A professional movement also began in parallel with the cultural work of the library. The first professional union was set up in the Linat Tzedek headquarters in 1925. Feivel Galek was elected as chairman, who was the publicist [5] of the group. A second Orthodox young man was elected as secretary. The first general meeting elected an initiative group of ten members, including myself. After the “initiation” [6] of the chairman Feivel Galek, in which the “Bund” did not permit worshipping[7], a majority decision was taken to affiliate with the central professional union in Warsaw, located on Bracka 11 (The central organization of the elected Communist professional union). After a strong clap on the podium by the blind Itche to inform the gathering that it is time to conduct the Mincha service, the founding meeting took its decision…


The First Strike

The central organization decided to declare a strike on account of the fact that an employer, Mendel Plonski, refused to give work to the member Adam Kluska, who worked as a home manufacturer. I warned that the strike would fail, because it is after the season, however the central organization took interest in a political effect, and decided to strike.

The strike was impressive. Everyone except for one person participated in the strike. However, the end was sad. Due to a provocation, the authorities dissolved the Communist central, arrested a large majority of the members, and confiscated the entire archives. The police quickly threw themselves onto all of the branches in the country, including the branch in Sochaczew. Arrests and inquisitions began. This caused the employers in our town to become brazen. They organized themselves and declared a lockout; nobody was allowed into work. An oppressive mood overtook the workers in town. The strike failed terribly. The organization was dissolved by the police and the chief organizers, myself included, were placed under police supervision, which caused various other difficulties.

Some time later, around 1926, Yechiel Meir Zalcman (Szkolak[8]) appeared in Sochaczew. He had taken part in the revolutionary movement in Sochaczew in 1905. He was in Russia during the revolution of 1917, and later came to Sochaczew, where he stood at the head of the worker's movement. He called a meeting, and we decided to renew the professional activities. He proposed that we should affiliate with the Bundist headquarters. The motion was accepted with a majority of votes, and shortly after the first actions to organize anew the professional movement in our city, the headquarters sent its representative, the member Berl Ambaras [9] (Berl Szteper), who organized the activities of our union.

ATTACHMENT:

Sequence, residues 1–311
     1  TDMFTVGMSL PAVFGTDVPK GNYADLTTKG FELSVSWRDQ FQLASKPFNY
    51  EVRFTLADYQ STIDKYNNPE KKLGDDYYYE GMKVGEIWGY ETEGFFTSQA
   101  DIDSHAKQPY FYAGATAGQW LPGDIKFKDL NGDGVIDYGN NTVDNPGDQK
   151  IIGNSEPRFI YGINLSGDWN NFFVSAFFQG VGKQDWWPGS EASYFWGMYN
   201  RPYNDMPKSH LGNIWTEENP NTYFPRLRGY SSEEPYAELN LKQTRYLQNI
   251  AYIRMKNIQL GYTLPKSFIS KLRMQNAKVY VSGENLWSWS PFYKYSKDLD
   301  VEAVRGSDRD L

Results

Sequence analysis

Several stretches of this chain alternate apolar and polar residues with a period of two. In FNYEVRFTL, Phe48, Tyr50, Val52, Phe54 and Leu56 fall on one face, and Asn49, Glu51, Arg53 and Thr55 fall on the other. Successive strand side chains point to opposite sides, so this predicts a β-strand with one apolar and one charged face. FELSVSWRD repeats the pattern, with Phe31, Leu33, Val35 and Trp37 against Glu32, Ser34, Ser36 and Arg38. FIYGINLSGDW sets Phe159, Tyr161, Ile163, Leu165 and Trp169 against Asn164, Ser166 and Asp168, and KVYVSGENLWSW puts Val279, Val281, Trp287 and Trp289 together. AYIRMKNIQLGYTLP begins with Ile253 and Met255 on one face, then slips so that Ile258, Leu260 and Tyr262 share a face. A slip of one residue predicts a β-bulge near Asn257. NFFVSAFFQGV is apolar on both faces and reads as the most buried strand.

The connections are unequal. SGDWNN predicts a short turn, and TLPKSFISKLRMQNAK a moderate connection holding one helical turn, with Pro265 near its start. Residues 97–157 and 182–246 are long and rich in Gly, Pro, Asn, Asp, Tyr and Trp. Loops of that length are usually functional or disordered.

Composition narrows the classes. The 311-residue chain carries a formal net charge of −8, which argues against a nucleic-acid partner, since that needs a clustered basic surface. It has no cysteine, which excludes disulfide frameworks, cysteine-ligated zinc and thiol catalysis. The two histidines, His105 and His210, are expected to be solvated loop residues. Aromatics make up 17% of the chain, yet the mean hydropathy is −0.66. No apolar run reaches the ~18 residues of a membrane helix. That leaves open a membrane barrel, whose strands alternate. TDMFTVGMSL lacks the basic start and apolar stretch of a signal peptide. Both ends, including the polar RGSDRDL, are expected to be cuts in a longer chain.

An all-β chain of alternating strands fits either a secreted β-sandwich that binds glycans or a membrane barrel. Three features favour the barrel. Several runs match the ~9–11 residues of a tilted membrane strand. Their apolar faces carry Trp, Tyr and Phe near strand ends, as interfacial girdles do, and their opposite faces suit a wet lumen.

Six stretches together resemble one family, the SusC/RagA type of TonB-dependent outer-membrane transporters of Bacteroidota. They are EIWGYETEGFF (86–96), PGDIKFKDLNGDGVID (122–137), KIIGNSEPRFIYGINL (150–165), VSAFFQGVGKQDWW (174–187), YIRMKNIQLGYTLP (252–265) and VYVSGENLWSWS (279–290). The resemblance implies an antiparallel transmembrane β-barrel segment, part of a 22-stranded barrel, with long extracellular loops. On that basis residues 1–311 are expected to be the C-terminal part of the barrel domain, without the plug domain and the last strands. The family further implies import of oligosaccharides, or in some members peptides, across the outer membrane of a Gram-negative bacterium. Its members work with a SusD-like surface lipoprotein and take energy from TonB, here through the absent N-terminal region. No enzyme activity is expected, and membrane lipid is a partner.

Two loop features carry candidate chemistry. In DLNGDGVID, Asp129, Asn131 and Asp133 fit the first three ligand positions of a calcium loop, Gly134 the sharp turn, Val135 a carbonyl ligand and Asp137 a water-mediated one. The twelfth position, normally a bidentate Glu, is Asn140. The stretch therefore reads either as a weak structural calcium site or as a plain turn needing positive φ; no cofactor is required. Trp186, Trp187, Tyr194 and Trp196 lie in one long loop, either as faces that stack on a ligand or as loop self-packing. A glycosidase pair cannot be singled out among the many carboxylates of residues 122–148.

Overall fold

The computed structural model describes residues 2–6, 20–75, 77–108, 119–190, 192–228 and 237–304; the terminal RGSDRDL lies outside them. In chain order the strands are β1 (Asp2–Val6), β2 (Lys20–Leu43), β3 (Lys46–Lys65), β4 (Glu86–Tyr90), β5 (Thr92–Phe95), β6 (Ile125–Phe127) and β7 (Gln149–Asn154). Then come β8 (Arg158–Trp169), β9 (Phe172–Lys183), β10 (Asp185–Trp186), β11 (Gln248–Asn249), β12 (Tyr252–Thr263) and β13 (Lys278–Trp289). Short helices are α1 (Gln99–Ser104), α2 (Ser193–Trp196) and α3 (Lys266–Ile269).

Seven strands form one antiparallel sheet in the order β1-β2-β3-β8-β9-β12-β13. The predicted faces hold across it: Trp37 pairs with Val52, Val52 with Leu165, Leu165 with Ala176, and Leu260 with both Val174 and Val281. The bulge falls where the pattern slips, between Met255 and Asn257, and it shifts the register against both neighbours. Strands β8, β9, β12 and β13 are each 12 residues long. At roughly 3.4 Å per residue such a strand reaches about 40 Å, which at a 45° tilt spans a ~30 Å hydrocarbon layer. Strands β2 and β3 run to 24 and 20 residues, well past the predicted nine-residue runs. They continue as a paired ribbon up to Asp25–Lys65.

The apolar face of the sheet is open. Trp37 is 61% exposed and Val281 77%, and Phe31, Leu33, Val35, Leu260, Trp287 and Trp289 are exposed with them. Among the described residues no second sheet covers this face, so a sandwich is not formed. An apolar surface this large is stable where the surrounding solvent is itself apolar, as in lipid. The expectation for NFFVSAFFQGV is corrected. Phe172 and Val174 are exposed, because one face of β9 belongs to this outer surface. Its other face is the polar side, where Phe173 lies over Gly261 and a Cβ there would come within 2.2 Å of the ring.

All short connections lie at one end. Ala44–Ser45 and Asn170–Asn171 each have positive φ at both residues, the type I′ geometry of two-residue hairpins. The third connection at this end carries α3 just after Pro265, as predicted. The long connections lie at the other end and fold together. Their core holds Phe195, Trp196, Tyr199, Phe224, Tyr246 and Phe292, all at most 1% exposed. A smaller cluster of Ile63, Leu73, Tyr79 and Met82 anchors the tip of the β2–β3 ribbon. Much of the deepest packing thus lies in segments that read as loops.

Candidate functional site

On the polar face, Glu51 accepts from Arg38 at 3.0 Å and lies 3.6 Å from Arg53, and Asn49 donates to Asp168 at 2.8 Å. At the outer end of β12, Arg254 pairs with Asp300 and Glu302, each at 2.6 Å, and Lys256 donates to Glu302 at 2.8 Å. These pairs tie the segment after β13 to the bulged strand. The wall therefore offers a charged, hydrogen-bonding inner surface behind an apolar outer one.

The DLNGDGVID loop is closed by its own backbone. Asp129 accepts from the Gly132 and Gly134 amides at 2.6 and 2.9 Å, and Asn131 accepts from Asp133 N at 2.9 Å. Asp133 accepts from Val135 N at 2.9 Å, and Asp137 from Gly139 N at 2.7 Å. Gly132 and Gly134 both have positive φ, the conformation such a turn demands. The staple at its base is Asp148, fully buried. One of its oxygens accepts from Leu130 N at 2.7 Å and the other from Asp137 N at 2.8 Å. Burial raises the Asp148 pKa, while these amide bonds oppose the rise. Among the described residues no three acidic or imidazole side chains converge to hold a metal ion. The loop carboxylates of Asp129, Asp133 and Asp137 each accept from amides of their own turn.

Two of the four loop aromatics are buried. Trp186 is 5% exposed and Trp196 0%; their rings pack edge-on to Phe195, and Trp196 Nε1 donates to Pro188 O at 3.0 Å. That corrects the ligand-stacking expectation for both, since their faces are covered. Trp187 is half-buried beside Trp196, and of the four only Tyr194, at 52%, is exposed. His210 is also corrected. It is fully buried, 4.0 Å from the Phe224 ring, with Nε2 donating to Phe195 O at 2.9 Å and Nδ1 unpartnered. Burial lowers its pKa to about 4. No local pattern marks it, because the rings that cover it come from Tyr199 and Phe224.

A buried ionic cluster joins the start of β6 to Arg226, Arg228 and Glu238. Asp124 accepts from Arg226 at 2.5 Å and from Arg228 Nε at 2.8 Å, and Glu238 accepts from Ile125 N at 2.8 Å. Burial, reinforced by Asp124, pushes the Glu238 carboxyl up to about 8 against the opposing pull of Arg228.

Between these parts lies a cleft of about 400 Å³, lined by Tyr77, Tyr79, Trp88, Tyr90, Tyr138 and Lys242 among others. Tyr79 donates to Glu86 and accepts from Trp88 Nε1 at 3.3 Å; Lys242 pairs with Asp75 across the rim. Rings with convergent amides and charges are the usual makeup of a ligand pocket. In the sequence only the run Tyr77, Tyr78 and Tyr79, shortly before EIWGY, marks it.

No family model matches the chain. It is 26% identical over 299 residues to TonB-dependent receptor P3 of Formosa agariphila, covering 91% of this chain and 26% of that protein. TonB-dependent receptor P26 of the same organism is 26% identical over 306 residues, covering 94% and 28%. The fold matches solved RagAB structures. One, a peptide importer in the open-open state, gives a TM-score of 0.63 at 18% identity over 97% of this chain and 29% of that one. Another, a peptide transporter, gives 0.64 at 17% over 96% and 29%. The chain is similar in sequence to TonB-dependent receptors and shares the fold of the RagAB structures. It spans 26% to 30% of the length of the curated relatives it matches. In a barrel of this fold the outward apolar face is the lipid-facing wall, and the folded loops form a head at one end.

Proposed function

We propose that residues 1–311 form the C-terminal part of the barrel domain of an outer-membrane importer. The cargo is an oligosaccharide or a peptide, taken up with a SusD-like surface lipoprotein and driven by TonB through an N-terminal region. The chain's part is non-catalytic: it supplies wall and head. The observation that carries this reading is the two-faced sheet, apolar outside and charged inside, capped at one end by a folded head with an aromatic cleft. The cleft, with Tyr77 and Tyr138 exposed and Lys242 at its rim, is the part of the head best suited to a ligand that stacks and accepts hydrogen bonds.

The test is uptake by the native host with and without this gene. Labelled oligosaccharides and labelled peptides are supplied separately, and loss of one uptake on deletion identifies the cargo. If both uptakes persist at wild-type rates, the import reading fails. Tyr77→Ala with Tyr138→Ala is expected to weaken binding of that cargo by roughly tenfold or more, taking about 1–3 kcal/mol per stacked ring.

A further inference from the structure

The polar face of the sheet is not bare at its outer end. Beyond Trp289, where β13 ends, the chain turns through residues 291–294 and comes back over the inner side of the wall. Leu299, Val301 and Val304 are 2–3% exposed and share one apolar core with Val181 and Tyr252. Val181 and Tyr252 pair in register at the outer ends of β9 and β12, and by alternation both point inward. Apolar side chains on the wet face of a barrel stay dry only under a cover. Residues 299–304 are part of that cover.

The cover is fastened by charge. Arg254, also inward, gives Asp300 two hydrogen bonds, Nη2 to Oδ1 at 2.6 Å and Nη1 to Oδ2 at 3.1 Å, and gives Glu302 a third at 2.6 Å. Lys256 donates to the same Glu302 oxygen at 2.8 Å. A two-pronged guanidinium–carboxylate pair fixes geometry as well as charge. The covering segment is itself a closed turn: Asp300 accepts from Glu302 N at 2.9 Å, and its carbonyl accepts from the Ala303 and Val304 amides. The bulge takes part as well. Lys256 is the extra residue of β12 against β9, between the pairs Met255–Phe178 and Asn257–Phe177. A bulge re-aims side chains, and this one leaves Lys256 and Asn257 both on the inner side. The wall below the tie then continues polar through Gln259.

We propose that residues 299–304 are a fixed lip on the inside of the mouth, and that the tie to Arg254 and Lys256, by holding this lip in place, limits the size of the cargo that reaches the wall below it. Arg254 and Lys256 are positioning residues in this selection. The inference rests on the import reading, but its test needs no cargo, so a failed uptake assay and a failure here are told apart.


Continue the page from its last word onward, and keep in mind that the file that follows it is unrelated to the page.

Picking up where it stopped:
The movement developed very well. For the elections to the town council, we succeeded in including one of our members, thanks to our member Moshe Szwarc, who was held in high esteem. Our councilman was indeed our member Zalcman. This further enhanced the esteem of our professional union. We elected two councilmen in the elections for the regional sick fund: Yechiel Meir Piernik and the writer of these memoirs. Later, I was elected to the search committee, where I worked for five years until the liquidation of the mutual benefit organization by the Sanacia regime in Poland.

Our representatives to the sick fund greatly assisted the poor Jewish people of the town, and we struggled to make sure that there would be a Jewish doctor and feldscher [10] in town.

As I have already mentioned, Sochaczew was able to sustain various organizations that were involved in mutual assistance. These organizations had a philanthropic character. After the First World War, in the renovated Sochaczew, new mutual assistance organizations and cooperative activities were established. Together with the economic boycott policies of the anti-Semitic Polish regime, which did everything to destroy Jewish livelihood in the towns, the mutual assistance in Sochaczew strengthened. Thanks to the effort and energy of Yaakov Benczkowski (Yankel Trepiasz), a cooperative people's bank (Bank Lodowy) was founded in Sochaczew. It assisted several hundred families of the Sochaczew middle class and poor to save themselves from going under.

I should also mention the charitable fund that was led by Yechiel Meir Tylman. His work was done with selflessness. More than one poor handworker or poor merchant was saved with money from this fund.

Thus did the simple “townsfolk” Jewish of Sochaczew conduct their economic lives, helping each other and being active for the benefit of the public, until the Hitlerist murderous hand fell upon them.


  1. Festivities upon conclusion of the writing of a Torah scroll. Return
  2. Hachnasat Orchim – taking care of guests. Bikur Cholim – visiting the sick. Hachnasat Kalah – taking care of brides and wedding needs, primarily for the poor. Return
  3. I am not sure if this means that their beneficiaries were the poorest people in town, or more likely, in a somewhat exaggerating statement, is indicating that the activists in these organizations come from the poorer or working class strata of society. Return
  4. I suspect the 'gift of the hand' is a euphemism for a spanking. Return
  5. The term used here is 'baal koreh', literally the person who reads the Torah. I expect that here, it means the publicist. Return
  6. Literally “justification”. Return
  7. This is very cryptic. The Bund is an extreme left wing socialist movement, which is noted to be very anti-religious. My guess is that there was some religious controversy here between the Orthodox members and the left leaning members as to the proceedings at the initiation ceremony. From the next sentence, it is obvious that one of the set prayer times (Mincha – the afternoon service) fell during the meeting time, and a controversy arose as to whether to allow a break for that purpose. Return
  8. This word means 'quilter'. The members of such a socialist organization would often be referred to by their professions. Return
  9. Ambaras might mean 'the warehouse worker'. Return
  10. A feldscher is an old time barber surgeon – a type of medic. Return